Those days are now gone. Under some legal jurisdiction, agencies will find themselves – like their clients – legally challenged and possibly legally liable should this anachronistic card ever be played again, and again this challenge may come from competitors as well as sharp-eyed private citizens.

Now, what was good for us is now also good for our clients – and their customers.

So, are we now stuck with a new type of potentially unwelcome reptilian obstacle cluttering up our marketing landscape? I, for one, certainly don’t see Lawyers as an obstruction – or as reptiles for that matter. I see this as opportunity. And a big one.

Those of us who embrace this local and global legal guidance will almost certainly avoid legal challenge for our clients and evolve and develop our client’s reputation for fair, honest and ethical business.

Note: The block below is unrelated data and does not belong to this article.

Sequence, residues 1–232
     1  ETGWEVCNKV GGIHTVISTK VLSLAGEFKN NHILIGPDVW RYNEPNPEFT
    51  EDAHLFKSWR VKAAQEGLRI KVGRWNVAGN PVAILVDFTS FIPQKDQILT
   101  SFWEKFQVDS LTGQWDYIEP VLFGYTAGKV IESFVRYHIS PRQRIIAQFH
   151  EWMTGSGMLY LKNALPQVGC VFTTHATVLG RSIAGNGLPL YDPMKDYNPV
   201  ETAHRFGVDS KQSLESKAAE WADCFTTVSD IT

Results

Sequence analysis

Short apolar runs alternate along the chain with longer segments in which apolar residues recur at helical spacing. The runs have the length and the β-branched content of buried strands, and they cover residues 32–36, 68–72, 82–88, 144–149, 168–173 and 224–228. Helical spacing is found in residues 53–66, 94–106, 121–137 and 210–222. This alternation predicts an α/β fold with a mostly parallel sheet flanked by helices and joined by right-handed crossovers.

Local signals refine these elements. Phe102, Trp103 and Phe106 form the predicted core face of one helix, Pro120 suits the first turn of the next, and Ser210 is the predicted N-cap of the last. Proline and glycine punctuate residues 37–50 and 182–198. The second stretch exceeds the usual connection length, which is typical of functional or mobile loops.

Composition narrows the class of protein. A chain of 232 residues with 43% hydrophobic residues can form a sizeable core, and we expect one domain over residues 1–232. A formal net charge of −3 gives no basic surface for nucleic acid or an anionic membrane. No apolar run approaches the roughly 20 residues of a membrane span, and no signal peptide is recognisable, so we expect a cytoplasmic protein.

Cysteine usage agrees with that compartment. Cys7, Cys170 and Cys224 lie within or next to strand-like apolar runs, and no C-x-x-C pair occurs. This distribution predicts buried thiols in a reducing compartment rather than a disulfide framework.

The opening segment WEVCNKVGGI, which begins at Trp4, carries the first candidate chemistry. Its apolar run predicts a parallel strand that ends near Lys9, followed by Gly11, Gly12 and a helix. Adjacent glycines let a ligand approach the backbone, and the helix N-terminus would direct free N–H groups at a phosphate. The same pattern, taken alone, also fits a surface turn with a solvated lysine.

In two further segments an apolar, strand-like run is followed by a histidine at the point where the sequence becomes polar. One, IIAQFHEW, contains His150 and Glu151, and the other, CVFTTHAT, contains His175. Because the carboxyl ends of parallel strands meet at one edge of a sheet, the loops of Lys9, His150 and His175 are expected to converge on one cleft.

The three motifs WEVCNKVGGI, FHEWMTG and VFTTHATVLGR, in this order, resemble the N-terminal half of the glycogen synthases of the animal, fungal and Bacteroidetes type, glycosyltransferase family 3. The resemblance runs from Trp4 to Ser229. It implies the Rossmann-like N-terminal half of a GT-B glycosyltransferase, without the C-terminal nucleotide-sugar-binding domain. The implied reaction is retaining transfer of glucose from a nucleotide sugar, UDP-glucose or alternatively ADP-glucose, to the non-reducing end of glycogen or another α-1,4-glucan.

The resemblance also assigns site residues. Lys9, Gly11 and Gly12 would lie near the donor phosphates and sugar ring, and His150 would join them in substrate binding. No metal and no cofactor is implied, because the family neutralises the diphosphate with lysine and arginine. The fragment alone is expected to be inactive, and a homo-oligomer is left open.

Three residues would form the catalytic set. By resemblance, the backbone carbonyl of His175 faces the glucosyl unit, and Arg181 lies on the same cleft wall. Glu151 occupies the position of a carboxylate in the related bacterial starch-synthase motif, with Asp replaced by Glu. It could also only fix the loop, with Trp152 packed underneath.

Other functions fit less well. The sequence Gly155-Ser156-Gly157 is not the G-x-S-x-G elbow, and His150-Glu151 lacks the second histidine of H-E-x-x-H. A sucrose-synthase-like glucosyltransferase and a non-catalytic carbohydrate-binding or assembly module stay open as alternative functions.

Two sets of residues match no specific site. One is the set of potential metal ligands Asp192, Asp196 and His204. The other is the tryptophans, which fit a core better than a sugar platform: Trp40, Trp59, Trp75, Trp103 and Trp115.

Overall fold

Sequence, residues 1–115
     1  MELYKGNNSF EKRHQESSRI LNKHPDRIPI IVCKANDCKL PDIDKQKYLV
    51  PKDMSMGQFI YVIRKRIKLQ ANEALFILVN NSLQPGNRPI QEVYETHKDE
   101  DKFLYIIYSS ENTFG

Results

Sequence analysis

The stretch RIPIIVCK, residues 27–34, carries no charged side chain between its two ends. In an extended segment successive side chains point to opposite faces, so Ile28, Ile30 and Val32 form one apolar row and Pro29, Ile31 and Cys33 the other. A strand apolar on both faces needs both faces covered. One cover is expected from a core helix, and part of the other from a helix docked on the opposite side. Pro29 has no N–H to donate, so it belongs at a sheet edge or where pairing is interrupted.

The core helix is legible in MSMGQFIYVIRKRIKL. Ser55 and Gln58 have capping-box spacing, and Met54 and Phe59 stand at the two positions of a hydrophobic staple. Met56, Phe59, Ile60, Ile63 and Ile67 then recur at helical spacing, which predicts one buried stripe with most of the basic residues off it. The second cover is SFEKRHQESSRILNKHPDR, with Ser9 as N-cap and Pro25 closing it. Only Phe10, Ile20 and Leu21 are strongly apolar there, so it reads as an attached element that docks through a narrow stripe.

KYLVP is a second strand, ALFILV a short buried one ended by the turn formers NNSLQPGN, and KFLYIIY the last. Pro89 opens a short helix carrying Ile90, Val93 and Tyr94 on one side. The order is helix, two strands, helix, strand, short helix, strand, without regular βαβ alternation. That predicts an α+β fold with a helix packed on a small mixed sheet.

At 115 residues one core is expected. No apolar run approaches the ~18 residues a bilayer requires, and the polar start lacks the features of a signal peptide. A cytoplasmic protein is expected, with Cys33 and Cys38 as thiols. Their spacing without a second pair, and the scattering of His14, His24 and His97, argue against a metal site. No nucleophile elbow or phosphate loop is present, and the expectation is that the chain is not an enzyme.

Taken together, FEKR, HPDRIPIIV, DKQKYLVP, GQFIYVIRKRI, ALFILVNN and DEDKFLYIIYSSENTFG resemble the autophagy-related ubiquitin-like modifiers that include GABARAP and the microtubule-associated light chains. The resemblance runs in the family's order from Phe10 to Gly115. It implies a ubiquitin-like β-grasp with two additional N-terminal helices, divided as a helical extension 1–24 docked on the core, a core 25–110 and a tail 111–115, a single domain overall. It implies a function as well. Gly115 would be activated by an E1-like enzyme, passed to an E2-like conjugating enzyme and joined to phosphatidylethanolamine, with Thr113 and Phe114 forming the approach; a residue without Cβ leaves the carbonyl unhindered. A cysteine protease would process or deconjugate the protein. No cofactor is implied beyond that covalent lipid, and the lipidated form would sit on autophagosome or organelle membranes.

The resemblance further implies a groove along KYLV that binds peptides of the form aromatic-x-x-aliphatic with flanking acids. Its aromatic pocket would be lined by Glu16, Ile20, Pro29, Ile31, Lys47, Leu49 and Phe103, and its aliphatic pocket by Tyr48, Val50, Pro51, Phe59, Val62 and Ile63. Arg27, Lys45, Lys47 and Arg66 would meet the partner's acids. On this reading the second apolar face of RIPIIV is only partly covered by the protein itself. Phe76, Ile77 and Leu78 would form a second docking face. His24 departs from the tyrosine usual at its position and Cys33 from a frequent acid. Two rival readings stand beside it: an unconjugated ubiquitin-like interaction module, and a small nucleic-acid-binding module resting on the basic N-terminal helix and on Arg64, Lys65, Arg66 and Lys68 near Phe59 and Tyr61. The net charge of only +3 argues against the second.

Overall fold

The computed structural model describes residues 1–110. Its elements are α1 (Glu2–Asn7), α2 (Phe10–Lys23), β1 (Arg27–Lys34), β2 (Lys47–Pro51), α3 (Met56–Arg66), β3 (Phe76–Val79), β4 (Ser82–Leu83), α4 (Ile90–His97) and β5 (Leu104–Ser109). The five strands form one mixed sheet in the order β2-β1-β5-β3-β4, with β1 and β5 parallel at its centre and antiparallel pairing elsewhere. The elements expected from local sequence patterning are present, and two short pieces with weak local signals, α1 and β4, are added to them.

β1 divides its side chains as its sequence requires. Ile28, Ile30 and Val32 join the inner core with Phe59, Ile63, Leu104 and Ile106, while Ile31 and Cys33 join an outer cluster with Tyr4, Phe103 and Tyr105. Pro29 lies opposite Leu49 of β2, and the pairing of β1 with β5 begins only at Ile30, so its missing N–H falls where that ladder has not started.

Is there any greater opportunity to move our client’s enterprise and brand to a new level? No. But this time around, we need to learn to work with those who have a different perspective. And this time, a very useful one.

Nov 05

My name is Steve Yates, and I’m Creative Director at Novacon, an award-winning full service, integrated digital marketing agency, specialising in global business to business (b2b) marketing.

The purpose of this introductory post is to respectfully introduce you to our new, up-rated blog which we hope will offer guidance, insight and support to those – particularly marketers – searching for answers in an overcrowded and noisy digital marketplace.

My colleagues and I will be posting on hot and evolving subjects such as interactive and integrated new media, strategic market development, online content creation, multimedia development, website and streaming video production, ePR and email marketing, newsletter publication and distribution.

I hope this will be of interest, and look forward to your questions and your feedback.